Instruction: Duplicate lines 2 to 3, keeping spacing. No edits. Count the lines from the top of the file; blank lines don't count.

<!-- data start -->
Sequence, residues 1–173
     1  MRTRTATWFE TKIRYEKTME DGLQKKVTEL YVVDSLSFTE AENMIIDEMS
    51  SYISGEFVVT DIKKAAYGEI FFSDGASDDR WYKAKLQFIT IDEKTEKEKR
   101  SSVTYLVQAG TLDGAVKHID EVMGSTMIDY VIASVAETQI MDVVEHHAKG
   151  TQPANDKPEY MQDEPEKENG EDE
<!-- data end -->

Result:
     1  MRTRTATWFE TKIRYEKTME DGLQKKVTEL YVVDSLSFTE AENMIIDEMS
    51  SYISGEFVVT DIKKAAYGEI FFSDGASDDR WYKAKLQFIT IDEKTEKEKR